November 26, 2003
Study shows 69% of drivers fasten seatbelts after starting engine
Warren, Michigan – A study commissioned by General Motors showed that nearly 69 percent of drivers fasten their safety belts after starting their vehicles, and about 20 percent don’t buckle up until the vehicle is put into gear. Another 3 percent do not fasten their safety belt until more than 19 seconds after placing the vehicle in gear.
“This study helped us learn more about when people buckle up, and confirms for us that a more prolonged reminder system may help get some safety belt holdouts to buckle up,” said Jim Khoury, a GM safety engineer and expert on advanced safety belt and air bag research.
In the GM study, independent researchers observed drivers in two urban areas, Halifax, Nova Scotia, where safety belt use is high; and Pinellas County, Florida, where safety belt use is lower. A total of 1,600 drivers were observed leaving for work and in the parking lots of self-service gas stations, supermarkets, banks and drug stores.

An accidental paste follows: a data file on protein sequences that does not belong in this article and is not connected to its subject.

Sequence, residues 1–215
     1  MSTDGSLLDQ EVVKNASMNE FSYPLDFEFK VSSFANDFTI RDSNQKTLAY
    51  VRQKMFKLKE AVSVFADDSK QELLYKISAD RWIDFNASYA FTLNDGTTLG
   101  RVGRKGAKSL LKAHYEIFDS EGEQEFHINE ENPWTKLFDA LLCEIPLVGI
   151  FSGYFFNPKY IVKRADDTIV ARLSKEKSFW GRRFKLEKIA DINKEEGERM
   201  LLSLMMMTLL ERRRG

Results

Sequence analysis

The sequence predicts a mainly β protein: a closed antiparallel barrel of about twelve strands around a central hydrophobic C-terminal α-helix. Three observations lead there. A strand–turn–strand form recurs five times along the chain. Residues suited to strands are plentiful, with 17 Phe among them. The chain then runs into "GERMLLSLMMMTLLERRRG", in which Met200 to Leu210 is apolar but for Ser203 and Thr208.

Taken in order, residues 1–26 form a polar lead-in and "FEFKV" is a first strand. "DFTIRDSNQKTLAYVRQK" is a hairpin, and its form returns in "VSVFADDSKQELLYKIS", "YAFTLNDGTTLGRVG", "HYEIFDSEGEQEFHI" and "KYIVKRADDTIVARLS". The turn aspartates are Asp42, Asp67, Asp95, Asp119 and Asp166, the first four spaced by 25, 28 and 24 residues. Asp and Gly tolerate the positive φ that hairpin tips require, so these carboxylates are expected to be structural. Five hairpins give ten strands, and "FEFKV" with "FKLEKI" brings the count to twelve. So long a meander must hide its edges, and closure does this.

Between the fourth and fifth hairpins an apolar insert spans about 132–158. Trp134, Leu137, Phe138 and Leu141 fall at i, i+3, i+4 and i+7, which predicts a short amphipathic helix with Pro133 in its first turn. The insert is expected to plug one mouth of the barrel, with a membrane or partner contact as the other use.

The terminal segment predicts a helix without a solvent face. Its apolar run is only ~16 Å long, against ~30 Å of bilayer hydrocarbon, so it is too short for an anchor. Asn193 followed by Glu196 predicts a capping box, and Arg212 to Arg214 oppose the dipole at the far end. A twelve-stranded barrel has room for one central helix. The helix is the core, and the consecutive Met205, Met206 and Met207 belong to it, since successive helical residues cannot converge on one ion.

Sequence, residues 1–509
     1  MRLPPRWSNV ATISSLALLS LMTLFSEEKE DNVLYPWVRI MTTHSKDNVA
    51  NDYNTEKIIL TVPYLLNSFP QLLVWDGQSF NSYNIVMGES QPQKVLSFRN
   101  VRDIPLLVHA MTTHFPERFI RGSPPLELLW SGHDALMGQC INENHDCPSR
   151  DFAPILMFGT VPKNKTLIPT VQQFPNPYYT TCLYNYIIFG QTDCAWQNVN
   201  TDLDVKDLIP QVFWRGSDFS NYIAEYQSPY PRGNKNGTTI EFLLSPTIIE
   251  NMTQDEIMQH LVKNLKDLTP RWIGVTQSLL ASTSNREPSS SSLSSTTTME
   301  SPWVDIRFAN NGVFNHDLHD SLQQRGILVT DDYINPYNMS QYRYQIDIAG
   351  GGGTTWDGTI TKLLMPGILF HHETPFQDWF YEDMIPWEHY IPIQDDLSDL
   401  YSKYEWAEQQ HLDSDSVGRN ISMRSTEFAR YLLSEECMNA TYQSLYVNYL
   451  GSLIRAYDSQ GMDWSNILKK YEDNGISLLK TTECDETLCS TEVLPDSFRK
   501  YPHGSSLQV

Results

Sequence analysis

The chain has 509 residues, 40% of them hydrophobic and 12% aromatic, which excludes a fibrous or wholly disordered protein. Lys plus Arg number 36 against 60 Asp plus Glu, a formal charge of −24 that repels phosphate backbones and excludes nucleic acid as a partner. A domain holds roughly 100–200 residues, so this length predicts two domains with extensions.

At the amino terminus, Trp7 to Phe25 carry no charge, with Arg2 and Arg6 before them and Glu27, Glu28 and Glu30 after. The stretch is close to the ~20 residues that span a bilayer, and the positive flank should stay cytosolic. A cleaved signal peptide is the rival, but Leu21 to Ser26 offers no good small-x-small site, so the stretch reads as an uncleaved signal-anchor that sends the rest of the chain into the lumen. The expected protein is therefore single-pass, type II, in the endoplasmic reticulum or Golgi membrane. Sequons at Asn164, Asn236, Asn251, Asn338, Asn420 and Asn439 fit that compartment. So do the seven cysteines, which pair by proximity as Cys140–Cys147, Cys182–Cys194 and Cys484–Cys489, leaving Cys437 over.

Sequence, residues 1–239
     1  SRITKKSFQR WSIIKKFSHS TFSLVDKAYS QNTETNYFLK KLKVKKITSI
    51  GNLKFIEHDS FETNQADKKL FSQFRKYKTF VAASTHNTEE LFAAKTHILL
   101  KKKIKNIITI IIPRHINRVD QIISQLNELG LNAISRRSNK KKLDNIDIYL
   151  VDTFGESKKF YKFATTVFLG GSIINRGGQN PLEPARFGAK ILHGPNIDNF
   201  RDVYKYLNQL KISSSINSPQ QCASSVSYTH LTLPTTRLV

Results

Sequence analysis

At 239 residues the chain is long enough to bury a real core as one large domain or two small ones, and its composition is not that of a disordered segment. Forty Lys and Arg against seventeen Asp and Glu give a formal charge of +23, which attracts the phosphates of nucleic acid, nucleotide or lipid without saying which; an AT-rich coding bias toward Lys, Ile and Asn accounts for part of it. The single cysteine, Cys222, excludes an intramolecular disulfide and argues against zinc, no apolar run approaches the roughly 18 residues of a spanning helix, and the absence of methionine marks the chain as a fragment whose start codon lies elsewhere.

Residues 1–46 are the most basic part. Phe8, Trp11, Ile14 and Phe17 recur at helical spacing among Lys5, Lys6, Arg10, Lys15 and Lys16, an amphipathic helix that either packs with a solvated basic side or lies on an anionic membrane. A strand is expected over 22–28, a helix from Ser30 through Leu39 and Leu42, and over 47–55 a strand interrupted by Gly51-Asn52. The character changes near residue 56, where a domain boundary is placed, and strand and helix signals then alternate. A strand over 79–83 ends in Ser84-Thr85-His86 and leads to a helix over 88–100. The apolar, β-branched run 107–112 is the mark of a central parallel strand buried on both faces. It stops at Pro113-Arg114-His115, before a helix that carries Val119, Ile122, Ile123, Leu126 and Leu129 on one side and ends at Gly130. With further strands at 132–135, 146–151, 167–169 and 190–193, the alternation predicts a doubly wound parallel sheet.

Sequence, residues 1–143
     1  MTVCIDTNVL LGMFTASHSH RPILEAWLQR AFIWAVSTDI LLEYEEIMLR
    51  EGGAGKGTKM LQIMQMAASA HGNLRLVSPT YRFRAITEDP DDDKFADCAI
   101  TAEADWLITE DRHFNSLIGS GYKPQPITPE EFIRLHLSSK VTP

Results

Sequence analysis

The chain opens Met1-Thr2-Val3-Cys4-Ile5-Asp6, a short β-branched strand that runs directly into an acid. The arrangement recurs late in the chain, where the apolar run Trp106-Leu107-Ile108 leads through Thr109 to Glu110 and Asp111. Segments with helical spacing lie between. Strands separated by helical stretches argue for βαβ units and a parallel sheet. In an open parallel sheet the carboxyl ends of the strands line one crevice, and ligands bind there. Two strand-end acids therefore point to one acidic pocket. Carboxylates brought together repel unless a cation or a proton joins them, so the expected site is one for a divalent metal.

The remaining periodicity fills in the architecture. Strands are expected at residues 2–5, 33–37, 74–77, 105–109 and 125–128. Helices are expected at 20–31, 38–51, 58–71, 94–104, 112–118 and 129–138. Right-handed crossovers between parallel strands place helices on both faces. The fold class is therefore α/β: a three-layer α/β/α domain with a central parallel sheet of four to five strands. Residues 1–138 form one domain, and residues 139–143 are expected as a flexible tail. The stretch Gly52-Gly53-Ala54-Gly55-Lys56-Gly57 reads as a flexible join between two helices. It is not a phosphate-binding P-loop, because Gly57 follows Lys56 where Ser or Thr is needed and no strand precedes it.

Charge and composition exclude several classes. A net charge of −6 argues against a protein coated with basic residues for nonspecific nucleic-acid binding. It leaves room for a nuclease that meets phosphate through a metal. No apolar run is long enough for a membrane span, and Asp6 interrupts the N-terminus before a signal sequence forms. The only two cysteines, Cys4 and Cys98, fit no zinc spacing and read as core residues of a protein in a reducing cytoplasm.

The current safety belt reminder system in the majority of new GM vehicles consists of eight seconds of a chime and 20 seconds of a solid warning light, followed by an additional 55 seconds of flashing light. In 2004 model year full-size pick-ups and sport-utility vehicles equipped with an automatic front passenger air bag suppression system, front-seat passengers also are reminded electronically to fasten their safety belt. United States Federal law requires four to eight seconds each of chime and light for the driver only.
In 2001, the Insurance Institute for Highway Safety studied a seat belt reminder system that chimes for up to five minutes and found that it increased belt use among drivers in Tulsa and Oklahoma City by 5 percentage points.
“We applaud GM for its commitment to improved safety belt reminder systems. Devices that enhance belt use will reduce death and injuries on American roadways,” said Jeffrey W. Runge, M.D., administrator of the National Highway Traffic Safety Administration.